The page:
The Cardinals Are Losing, And That’s A Good Thing

If you told most NFL fans that their favorite team had started the year winless and one of their losses included an epic 21-point comeback by the hapless New York Giants, they would be distraught. For the Arizona Cardinals, however, this is all part of the plan.

When General Manager Monti Ossenfort was hired by Arizona, he was dealt a tough hand. The few talented players he did have on the team were all aging and his starting quarterback was going to miss roughly half of the next season recovering from a torn ACL.

Instead of making the mistake many other GMs would have made — splurging in free agency, finding the best bridge quarterback possible, and trying to grind out a decent season — Ossenfort made the right moves of acquiring future picks, sacrificing today, and planning for a brighter future.

The job isn’t finished though. Kyler Murray’s return looms and if the Cardinals truly want to position themselves to be the best team possible in 2024 and beyond, there’s work to be done.

The Cardinals Are Losing, And Why That’s A Good Thing

Why Commit to the Tank so Aggressively?

NFL teams underrate how valuable the first overall pick in the draft can be. In most years you are left with one of three terrific options. Selecting a quarterback first overall, selecting an elite prospect at one of the premium positions (wide receiver, edge rusher, offensive tackle), or trading back down, in which case you will receive a number of valuable draft picks in return. All of these options give your franchise a great chance at becoming a contender quickly.

The 2024 class offers the best of these options, an elite quarterback prospect in USC’s Caleb Williams. Williams is the best quarterback prospect we have seen since Trevor Lawrence and he will be unattainable for the 31 teams who do not own the first overall pick.

The Cardinals should avoid the mistake the New York Jets made in 2020 when they won a meaningless game against the Los Angeles Rams and fell to the second-overall pick of the draft. That win cost them drafting Trevor Lawrence and instead, they selected first-round bust Zach Wilson.

What about Kyler Murray?

Since the 2011 CBA change came into effect, the vast majority of quarterbacks to appear in the Super Bowl were either elite or on their rookie contracts. Once Kyler Murray was extended, he made it so either his level of play needed to jump substantially or the Cardinals were going to need to go on a heater in the draft, surrounding the quarterback with an immense amount of talent.

Murray is also a limited player. His height makes it so throwing over the middle of the field, the most efficient area to throw the ball, a major challenge. His play style has led to a number of injuries later in the season that have hampered his mobility. Lastly, the Cardinals had to put a study clause into his contract because even his own employer didn’t believe in his commitment to the game. This is not the making of a franchise quarterback.

Trading Murray this offseason will net the team additional draft picks to add to their war chest but will leave the franchise with a $46M dead cap hit. The other option is to trade Murray with a post-June 1st designation, which will leave the team with only a $13M dead cap hit, spreading out the remains cap charges into 2025.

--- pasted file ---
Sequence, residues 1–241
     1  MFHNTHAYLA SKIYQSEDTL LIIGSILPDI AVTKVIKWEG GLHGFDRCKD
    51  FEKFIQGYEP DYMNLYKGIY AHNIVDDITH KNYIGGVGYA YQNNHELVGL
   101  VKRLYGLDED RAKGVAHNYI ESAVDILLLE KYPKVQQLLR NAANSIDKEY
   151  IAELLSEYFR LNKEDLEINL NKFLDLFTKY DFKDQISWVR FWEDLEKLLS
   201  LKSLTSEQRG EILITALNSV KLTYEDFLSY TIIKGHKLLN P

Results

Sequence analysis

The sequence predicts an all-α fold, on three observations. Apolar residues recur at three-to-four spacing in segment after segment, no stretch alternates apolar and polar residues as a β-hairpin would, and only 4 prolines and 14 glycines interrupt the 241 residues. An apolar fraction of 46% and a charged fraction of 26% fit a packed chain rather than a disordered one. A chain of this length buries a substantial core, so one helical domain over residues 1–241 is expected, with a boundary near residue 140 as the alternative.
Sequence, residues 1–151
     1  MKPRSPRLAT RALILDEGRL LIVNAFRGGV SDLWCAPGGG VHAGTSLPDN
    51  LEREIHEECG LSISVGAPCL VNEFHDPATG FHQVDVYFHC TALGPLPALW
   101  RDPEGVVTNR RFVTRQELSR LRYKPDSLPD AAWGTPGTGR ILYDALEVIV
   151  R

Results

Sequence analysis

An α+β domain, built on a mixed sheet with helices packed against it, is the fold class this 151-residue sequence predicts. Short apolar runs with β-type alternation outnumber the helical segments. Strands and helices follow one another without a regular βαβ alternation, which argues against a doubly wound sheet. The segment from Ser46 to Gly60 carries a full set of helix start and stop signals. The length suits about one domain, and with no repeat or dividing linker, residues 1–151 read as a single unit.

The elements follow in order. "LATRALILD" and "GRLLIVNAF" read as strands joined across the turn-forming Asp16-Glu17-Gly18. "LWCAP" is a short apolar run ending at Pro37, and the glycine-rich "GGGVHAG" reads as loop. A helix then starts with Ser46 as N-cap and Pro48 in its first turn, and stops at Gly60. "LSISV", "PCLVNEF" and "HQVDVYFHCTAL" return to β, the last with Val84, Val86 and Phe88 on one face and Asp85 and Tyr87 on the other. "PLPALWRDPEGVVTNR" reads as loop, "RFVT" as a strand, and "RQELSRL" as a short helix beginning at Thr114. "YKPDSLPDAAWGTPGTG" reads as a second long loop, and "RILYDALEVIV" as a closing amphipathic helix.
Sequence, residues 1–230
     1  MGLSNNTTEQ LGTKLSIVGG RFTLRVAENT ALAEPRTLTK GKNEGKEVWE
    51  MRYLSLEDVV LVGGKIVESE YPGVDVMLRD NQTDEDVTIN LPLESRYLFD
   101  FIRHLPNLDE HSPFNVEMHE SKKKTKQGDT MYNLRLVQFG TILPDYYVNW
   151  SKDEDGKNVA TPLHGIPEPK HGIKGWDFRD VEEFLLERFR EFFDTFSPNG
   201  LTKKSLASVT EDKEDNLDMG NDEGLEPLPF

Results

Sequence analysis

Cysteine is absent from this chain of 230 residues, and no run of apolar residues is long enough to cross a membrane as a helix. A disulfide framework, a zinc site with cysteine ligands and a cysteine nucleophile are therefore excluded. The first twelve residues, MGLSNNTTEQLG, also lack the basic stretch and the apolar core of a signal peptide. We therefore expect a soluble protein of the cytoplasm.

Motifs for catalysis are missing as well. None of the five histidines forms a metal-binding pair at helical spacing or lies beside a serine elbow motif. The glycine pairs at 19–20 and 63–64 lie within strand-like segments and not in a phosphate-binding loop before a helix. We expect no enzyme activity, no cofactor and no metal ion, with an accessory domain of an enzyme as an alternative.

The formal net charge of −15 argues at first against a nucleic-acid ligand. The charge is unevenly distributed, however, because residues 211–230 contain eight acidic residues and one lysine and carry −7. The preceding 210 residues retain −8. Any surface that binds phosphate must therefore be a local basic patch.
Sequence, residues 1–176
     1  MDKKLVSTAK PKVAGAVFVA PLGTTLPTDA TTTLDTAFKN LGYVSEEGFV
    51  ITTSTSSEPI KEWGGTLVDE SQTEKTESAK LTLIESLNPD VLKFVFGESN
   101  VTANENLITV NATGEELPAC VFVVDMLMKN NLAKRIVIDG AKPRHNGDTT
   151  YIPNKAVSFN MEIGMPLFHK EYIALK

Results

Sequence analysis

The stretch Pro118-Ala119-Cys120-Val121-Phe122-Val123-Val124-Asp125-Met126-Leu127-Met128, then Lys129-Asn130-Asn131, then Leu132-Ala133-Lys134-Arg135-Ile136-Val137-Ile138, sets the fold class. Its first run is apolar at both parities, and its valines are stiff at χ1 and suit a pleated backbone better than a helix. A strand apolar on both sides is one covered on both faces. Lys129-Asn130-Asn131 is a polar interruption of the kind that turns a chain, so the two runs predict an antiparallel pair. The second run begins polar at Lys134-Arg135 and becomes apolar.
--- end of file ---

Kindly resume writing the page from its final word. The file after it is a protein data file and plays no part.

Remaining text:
What Should Be Done?

Tanking in the NFL should largely be done by the front office. The players have too much incentive to compete with their livelihood attached to their performance on the field and most won’t be here to reap the potential rewards of drafting a franchise quarterback.

Coaches are hard-wired to compete and as the beginning of the season has shown, this staff is getting everything they can out of their limited resources.

It’s time for Ossenfort to deplete his team even more. Kyler Murray, despite his flaws, is still a middle-of-the-pack starting quarterback in this league and he is expected to return roughly around Week 8 to 10. The Cardinals need to be winless when he returns because Murray will be fighting for his job.

So aging players like tight end Zach Ertz and running back James Conner should be traded. While these players won’t net a massive draft pick return, they’re expiring assets.

This means they’re unlikely to be contributors as soon as next season. The day three picks and cap savings that will come back will be assets saved for when this team is ready to compete and it will make winning that much harder on the current staff.

This is how the front office can ensure the ultimate goal is still achieved, while not asking the coaches and players to do something they’re unwilling to.

Being Aggressive is the Solution

We’ve now seen multiple teams in recent years push all their chips in to win a Super Bowl. The Rams were successful with this idea and the 49ers are in the midst of a strong championship window in part because they traded draft picks for players like Christian McCaffrey.

It’s now time for the opposite idea to be accepted. The Cardinals are the perfect candidate to tank, but they need to keep reducing the on-field talent, or risk making the same mistakes that have haunted other franchises.

Main Image: Rob Schumacher/The Republic / USA TODAY NETWORK

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